- MOHAI, McBride & Anderson Collection, photograph presumed made by Ella McBride, 1974.5923.154.4
- Seattle artist Alonzo Victor Lewis poses in his studio around 1923 (adding to the proud long lineage of artists wearing berets). Behind him is a maquette for his World War I veteran sculpture, which has been vandalized at least twice, relocated at least twice, and now stands at Evergreen Washelli cemetery up on Aurora.
Even when the artist is creating a realistic depiction of a soldier returning triumphant from war—rather than, say, a massive reflective abstraction of a despised conflict—art about veterans gets controversial quickly.
Seattle's great case in point is Alonzo Victor Lewis's post–World War I statue Doughboy, previously called Bringing Home the Bacon, Bringing Home Victory, and Armistice.
Today, it stands at Evergreen Washelli cemetery, where it was moved about a decade ago when Seattle Opera House was replaced by McCaw Hall. Before that, the sculpture was in front of the Opera House from 1932 to 1962, then tucked behind it.
Doughboy, named after a term that originally referred to dumplings eaten by infantrymen and then to the infantrymen themselves, was supposed to earn the artist $50,000. The City of Seattle agreed the cast bronze was worth that much. But the City also said it would only pony up $5,000, and the rest should come from public subscription. That support never came; the artist was eventually paid only $9,000 total. He got his sculpture out there eventually, with the support of the City, through sheer determination and by losing plenty of money.
People didn't want to pay because they didn't like Doughboy. It's pretty easy to see why. First, the smile on his face makes him look, well, unstable. At the time, he also annoyed sailors and marines who complained he was clearly an Army man. He seemed like a poor winner, bloodthirsty and demented, smiling that terrible smile with spiked German helmets slung over his shoulder.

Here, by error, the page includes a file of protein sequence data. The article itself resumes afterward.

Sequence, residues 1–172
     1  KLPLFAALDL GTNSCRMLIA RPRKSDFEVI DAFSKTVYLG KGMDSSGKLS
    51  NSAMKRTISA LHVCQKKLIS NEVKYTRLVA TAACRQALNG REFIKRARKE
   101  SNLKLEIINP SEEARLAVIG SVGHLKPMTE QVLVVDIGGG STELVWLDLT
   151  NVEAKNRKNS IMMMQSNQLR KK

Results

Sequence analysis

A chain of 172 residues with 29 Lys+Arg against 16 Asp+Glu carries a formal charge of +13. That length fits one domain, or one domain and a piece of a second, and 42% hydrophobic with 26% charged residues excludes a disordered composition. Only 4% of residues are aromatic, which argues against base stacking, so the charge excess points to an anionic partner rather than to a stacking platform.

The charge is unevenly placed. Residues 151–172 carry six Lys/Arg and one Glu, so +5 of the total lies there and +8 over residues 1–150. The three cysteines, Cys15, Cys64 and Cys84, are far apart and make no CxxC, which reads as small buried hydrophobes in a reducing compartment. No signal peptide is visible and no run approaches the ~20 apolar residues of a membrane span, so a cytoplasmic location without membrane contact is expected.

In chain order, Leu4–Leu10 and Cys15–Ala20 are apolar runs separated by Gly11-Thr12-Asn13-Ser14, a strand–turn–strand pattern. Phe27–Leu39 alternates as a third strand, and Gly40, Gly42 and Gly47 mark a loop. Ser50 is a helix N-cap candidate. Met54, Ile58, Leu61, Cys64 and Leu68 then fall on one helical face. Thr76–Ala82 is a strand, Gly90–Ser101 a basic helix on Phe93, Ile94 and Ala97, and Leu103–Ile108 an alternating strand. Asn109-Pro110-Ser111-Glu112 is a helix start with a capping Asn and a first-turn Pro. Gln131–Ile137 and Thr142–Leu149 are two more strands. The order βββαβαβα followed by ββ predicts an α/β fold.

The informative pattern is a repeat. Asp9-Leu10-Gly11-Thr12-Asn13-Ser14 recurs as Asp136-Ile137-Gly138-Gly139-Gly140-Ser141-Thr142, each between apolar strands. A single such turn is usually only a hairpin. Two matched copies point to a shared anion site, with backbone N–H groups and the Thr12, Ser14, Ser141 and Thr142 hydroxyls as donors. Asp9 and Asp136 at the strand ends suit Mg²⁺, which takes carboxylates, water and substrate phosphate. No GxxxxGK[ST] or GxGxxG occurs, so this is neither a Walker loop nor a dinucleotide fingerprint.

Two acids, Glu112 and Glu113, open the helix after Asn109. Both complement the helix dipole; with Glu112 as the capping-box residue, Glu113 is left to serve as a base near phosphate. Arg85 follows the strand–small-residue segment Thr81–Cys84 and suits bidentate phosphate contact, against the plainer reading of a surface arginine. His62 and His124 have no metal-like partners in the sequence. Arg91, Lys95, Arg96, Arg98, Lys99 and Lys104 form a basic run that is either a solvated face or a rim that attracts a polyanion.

From HistoryLink's story:
When first unveiled in May 1932, the scurrilous helmets were still slung over Doughboy's neck, to the dismay of city councilman James A. Scavotto, who would have taken off the helmets before the unveiling "if he had to cut them off himself" (The Seattle Times). However, when the dedication took place on Armistice Day, six months later, the helmets had vanished. No one stepped forward to accept either praise or responsibility.
It got worse. In 1970, Doughboy "suffered another humiliation." His bayonet was removed from his rifle, which lopped 16 inches off the total height of the statue.
Who took the helmets? Where did they go? Are they still out there? And what about the bayonet—how easy was it to remove parts from this sculpture? Did the vandals do it under cover of night, using tools, or was this sculpture so unpopular in 1932, and so overlooked by 1970, that the sun could have shone right down on the plunderers? The photo at the top of this post (of the maquette) was the only one I could find with the helmets and the bayonet intact.
Doughboy started out more than 14 feet tall and weighing 3,500 pounds. He wreaked havoc even at his original 1932 unveiling. Evergreen Washelli's account:
As the Spokane Daily Chronicle reported in 1923, the art museum's director was taken aback. He told the press:
To celebrate the new statue's unveiling, a loud twenty-one gun salute was issued, which shattered eleven windows in an apartment across the street! Thankfully, no injuries were reported.
I do not recall ever seeing a prizefighter painted before. My first impression was that art was being degraded, then the thought occurred that, after all, boxing is a man's game and a natural occupation.